While much of the focus on Thomas Cook’s annual results announcement has centred around how it will shore up its eye-watering multi-million pound losses, from an online perspective it was notable for what was not said.
Before the travel giant’s financial woes became apparent last year leading to the departure of former chief executive Manny Fontenla-Novoa, the firm had been painting an interesting and ambitious story about online OTA growth.
Indeed, speaking to Travolution in 2010, Fontenla-Novoa spoke of Cook’s desire to become Europe’s top online travel agent within three years, exploiting its reputation as a trusted travel retailer and overtaking the likes of Expedia and Priceline (booking.com) in a fragmented market.
A new unit was established in Fleet Street, central London, and an experienced – and no doubt expensively put together – team of top online executives drawn from both within and outside of travel set about making this ambition a reality.
No lesser light than former Expedia managing director Simon Breakwell was brought in to mastermind the operation as a consultant. He told the City at the time that Cook was targeting £3-£3.5 billion of incremental sales in the medium term and “significant profit” from OTA growth.
New source markets including Spain and Italy were being eyed up and Cook claims, with 2.6 million unique users in the January of 2010, it had a “significant platform to build on”. “Work is well underway, with Thomascook.com UK sales already up 30% year on year,” it said.
It’s probably fair to say that before his spectacular fall from grace last year it was Fontenla-Novoa’s story about online growth and future plans that kept the doubters in the City at bay, given what it is clear now were huge legacy issues at the travel giant.
But Breakwell’s association with Cook ended and amid talk of internal wrangling over the more traditional tour operating side of the business and the Fleet Street OTA, many of the original team also departed for pastures new.
If Cook’s pre-crisis plans sounded strangely familiar, that’s because they were; its great rival Tui Travel talked a very similar game during the time of Graham Donoghue as its new media director, when again Expedia was said to be in the crosshairs.
Since Donoghue’s departure to Travelsupermarket and the merger of Thomson and First Choice, Tui has ploughed a much narrower furrow online, with the web seen as a powerful and efficient channel to push its own exclusive and differentiated product, rather than as a full-service OTA.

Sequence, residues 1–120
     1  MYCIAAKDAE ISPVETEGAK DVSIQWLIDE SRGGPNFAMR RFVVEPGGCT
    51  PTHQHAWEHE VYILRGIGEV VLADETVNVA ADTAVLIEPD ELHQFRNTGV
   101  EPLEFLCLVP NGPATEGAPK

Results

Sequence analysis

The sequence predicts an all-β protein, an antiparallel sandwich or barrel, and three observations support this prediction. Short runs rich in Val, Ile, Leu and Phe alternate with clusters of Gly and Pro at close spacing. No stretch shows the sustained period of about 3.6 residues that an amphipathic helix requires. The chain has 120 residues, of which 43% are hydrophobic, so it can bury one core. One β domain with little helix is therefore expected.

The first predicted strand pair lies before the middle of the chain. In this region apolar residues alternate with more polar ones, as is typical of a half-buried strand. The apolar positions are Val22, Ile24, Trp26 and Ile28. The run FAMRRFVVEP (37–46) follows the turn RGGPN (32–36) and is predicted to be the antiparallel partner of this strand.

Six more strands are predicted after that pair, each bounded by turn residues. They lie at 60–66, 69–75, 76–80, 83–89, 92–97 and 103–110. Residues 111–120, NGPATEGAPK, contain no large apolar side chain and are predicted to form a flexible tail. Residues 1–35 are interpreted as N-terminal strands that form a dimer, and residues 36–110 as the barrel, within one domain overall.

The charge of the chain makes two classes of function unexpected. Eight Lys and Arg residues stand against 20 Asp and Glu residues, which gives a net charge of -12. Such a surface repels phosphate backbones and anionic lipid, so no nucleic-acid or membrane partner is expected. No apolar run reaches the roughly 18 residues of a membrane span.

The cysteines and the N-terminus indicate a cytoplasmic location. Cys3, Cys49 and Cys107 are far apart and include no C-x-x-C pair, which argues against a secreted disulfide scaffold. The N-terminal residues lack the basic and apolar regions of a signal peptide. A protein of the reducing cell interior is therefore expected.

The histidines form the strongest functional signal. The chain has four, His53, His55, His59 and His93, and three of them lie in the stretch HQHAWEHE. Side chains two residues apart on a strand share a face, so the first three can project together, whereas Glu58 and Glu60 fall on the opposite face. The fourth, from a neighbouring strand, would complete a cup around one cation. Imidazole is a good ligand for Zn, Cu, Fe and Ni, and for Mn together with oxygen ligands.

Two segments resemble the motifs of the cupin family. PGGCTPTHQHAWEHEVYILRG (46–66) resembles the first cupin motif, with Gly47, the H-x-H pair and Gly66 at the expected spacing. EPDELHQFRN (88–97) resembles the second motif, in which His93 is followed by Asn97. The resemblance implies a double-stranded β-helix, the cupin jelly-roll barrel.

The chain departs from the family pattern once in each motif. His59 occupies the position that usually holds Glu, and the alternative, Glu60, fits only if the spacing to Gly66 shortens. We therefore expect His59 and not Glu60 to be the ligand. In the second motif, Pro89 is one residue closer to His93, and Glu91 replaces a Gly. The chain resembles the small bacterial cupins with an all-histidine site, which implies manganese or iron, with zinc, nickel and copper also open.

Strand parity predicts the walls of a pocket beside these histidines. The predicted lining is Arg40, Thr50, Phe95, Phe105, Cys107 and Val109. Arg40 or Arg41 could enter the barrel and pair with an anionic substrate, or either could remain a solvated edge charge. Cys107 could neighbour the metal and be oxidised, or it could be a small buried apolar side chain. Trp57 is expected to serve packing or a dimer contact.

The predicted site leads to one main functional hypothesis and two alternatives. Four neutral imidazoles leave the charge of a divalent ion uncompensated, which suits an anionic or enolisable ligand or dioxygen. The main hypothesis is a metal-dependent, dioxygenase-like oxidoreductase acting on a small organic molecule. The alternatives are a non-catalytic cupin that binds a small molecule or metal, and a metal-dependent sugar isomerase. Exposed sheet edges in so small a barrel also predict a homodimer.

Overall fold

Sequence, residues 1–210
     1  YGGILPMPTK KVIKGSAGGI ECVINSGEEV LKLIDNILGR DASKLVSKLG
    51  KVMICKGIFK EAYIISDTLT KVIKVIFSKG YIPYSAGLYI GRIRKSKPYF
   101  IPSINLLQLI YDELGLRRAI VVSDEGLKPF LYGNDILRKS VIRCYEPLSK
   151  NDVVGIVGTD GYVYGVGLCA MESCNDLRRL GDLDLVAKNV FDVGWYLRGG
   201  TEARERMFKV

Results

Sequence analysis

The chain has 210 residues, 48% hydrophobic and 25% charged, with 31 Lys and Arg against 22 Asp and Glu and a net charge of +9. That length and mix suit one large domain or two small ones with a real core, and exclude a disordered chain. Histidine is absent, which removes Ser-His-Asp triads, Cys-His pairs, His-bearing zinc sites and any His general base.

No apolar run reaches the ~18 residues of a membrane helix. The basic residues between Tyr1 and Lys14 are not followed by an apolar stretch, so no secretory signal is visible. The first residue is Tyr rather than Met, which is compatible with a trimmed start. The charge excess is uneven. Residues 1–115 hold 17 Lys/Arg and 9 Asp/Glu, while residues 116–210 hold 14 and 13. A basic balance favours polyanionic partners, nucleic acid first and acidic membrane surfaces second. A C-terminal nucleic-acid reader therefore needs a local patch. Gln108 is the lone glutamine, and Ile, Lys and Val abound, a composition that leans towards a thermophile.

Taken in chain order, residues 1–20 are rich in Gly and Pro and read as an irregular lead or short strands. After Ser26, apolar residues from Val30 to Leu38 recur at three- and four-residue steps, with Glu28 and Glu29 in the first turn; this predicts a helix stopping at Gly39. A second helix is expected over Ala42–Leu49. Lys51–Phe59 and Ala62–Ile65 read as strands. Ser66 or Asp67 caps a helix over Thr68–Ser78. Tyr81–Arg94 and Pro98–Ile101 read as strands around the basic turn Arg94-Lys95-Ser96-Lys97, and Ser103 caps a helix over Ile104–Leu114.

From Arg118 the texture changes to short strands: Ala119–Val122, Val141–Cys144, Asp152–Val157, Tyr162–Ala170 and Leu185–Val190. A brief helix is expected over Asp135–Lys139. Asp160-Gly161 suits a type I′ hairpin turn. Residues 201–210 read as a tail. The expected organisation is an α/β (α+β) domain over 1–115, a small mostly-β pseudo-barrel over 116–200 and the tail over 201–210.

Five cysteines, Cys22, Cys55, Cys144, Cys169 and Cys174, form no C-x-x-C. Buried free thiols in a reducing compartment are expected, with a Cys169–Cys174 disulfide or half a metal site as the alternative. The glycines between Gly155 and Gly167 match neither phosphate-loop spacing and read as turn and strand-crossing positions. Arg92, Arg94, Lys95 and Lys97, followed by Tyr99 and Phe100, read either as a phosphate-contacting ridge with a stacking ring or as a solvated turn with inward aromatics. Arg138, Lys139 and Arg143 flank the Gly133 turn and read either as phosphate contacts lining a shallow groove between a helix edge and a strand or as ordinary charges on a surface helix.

Today, Fontenla-Novoa’s successor Harriet Green, someone steeped in technology having been plucked from electronics parts distributor Premier Farnell last year, was asked about Cook’s online retail strategy.
She gave little away but there were a few hints at what we might expect, although much more detail is expected next spring when the results of a strategic review are announced.
Green said: “The web represents a phenomenal opportunity for Thomas Cook.” She pointed to the 310 million customers in Europe who start their travel adventures online. “Imagine a world in which we convert just 5% of those to billing customers. We have an amazing opportunity.”
Green also mentioned how 73% of customers in northern Europe transact via the web compared to 28% in the UK. “We have a strong business to build upon and you can bet your bottom dollar we will,” she said.
In terms of focus, Green spoke about being “omni-channel” – an evolution of multi-channel according to Wikipedia – although after Cook’s retail estate was swelled to over 1,100 stores by the merger with The Co-operative Travel before Green’s arrival a rebalancing looks likely.
Asked about the potential for future job losses after 147 stores were closed in the last year, Green said: “Because we have so many duplicated activities, so many silos across the group, we will have a more streamlined business, but I do not know what these numbers will look like or where that impact will be.
“We employ 31,000 people, 17,000 in the UK. As we reshape we may have a greater need for certain skills, whether it’s around the web or technology, and less in other areas, as we continue to enhance the customer experience.”
Green has already talked about Cook getting closer to its customer and that in this endeavour “all roads lead to technology”, and today she talked about simplifying systems to eradicate layers that exist between her, at the top of the organisation, and the customer.
She said she would be looking to strip out operational costs by building on “one platform for the web” while “taking out plumbing that does not benefit customers directly” across the whole organisation.
With the City now seemingly sold on Tui’s differentiated product story, talk among the UK’s big two of dominating the European online travel agency space appears to have abated for good.
But that does not lessen the technology challenges ahead for what Green stressed remains one of the most iconic and trusted travel brands.